[This guest post is Abdul Majeed Abid's translation of his Urdu column for Dawn. Abdul Majeed Abid is a doctor and a freelance writer from Lahore. He writes about socio-political issues and contemporary history.]
By Abdul Majeed Abid
Britain ruled over the subcontinent for ninety years (1857-1947). The task of governance during this period was supervised by the civil bureaucracy. From 1857 till 1947, the number of British officers never exceeded one thousand, and the number of British officers at the time of partition (in 1947) was a paltry Six Hundred and Forty (640). Even with such meager number of officers, the British Raj controlled millions of subjects and a vast stretch of land. A British Prime Minister termed the bureaucracy as the “Steel Frame” of the Monarchy.
Initially, only British citizens were eligible for serving as civil officers but ‘Indian-ization’ started after a few years. Indian officers were trained in the same traditions as British Officers and they served the Monarchy as well as their British counterparts. On the eve of parturition, Pakistan inherited the Muslim civil officers who became part of Pakistan Civil Services (PCS).
Following independence, inept policies and shenanigans by Politicians paved the way for bureaucrats to take the reins of power. Chaudary Muhammad Ali (who remained Prime Minister c.1955-56) and Ghulam Muhammad (who remained Governor General c. 1951-55) were bureaucrats that rose to prominence amid the uncertain initial years of Pakistan.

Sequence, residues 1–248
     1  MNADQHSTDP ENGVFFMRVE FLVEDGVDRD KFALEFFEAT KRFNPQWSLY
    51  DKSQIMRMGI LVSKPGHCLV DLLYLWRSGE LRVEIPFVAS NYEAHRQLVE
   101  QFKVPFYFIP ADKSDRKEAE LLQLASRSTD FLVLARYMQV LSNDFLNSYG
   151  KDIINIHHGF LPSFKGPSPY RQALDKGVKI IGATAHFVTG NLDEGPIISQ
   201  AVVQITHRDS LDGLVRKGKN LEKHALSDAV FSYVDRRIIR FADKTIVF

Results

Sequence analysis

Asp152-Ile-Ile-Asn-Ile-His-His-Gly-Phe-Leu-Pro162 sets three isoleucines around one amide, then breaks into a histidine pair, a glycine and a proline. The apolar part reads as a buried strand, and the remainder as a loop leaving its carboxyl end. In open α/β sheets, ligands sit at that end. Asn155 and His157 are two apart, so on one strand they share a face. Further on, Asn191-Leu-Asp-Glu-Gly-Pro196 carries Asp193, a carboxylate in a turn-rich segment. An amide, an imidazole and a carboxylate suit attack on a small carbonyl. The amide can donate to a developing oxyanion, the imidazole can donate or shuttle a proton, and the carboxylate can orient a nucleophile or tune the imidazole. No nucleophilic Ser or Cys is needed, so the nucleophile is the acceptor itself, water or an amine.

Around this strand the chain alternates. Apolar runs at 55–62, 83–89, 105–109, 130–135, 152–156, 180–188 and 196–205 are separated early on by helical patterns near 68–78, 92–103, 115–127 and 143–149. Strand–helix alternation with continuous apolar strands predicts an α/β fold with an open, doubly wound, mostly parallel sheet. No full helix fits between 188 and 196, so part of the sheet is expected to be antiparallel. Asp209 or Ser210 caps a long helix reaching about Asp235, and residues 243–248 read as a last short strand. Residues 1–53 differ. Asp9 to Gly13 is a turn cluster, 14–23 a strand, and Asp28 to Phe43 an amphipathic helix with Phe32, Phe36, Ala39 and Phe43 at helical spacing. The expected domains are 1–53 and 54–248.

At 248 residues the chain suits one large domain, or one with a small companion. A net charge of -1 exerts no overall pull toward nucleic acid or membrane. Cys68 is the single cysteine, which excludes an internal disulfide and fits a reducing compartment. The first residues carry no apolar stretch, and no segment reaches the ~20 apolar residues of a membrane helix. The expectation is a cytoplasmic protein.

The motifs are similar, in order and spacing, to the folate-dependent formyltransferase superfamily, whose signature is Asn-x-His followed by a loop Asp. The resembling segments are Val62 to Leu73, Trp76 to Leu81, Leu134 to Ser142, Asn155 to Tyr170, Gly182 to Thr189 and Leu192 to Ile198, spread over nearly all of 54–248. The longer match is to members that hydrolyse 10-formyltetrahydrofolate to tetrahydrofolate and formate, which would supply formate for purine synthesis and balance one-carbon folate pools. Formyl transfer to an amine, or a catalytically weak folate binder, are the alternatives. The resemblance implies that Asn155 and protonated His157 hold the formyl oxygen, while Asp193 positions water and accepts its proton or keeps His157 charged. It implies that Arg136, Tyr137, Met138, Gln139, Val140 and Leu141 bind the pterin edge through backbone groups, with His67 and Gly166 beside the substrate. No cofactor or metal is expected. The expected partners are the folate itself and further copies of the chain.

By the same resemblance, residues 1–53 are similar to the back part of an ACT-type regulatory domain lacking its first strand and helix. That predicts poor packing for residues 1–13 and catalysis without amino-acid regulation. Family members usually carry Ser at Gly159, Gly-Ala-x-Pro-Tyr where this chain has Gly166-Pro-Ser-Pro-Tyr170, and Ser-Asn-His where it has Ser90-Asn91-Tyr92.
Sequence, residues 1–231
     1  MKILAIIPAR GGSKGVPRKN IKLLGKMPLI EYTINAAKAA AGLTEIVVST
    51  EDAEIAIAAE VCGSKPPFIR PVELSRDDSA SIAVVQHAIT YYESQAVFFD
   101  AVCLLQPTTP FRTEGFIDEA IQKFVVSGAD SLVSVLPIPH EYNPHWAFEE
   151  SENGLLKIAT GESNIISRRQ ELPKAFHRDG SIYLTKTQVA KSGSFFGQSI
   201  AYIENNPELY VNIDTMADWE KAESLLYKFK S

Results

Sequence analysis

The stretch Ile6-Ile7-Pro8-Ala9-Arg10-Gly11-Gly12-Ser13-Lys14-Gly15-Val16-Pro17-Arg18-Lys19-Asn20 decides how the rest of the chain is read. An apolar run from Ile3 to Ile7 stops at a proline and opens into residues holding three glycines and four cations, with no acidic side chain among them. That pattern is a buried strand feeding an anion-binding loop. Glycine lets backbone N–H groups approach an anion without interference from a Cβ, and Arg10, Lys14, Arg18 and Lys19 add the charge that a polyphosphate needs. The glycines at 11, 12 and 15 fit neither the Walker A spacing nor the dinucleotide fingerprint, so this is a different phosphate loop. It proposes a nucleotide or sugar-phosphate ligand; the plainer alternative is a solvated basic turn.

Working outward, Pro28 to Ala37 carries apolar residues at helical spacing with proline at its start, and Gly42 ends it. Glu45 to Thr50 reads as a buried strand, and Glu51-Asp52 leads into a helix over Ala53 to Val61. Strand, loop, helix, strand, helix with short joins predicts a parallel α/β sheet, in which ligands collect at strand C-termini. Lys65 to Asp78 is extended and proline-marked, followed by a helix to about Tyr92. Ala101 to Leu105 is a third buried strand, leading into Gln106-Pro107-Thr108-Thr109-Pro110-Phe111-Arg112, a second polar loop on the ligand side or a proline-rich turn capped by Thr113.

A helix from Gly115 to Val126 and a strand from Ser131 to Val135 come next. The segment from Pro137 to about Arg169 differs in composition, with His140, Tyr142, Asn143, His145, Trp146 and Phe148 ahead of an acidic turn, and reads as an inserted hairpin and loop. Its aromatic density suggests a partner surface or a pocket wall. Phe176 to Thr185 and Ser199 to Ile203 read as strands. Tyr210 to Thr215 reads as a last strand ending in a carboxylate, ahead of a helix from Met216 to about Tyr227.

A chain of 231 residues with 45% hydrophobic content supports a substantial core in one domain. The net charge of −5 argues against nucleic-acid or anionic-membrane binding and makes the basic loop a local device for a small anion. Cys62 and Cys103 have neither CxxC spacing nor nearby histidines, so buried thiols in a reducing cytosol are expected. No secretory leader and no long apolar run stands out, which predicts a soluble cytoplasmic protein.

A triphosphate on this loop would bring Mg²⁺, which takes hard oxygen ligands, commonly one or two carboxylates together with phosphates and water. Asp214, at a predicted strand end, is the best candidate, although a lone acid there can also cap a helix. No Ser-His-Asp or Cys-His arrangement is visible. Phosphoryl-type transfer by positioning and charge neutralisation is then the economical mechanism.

The successors of this tradition stayed away from direct control of political power but remained hand in glove with Military Dictator Ayub Khan(who ruled Pakistan between 1958-69). This group included the likes of Qudratullah Shahab and Altaf Gauhar. Many of the abovementioned gentlemen tried their hands at becoming writers after retirement. Chaudary M. Ali wrote a book (The Emergence of Pakistan) that is considered a precursor in the quest of Pakistan’s “Ideological direction”. Altaf Gauhar and Shahab also indulged in this tradition.
Their books are full of their own heroic achievements and an “expert” analysis of the ills that Pakistan faces.
Whenever Urdu literature was discussed during my student days, some particular books and authors were always mentioned, as most people had read them or at least heard about them. One of the most popular books in that regard was Shahab Naama (written by Shahab). According to one of my teachers, Shahab Naama is basically a potpourri of history, fiction, autobiography, spirituality and humor. [click to continue…]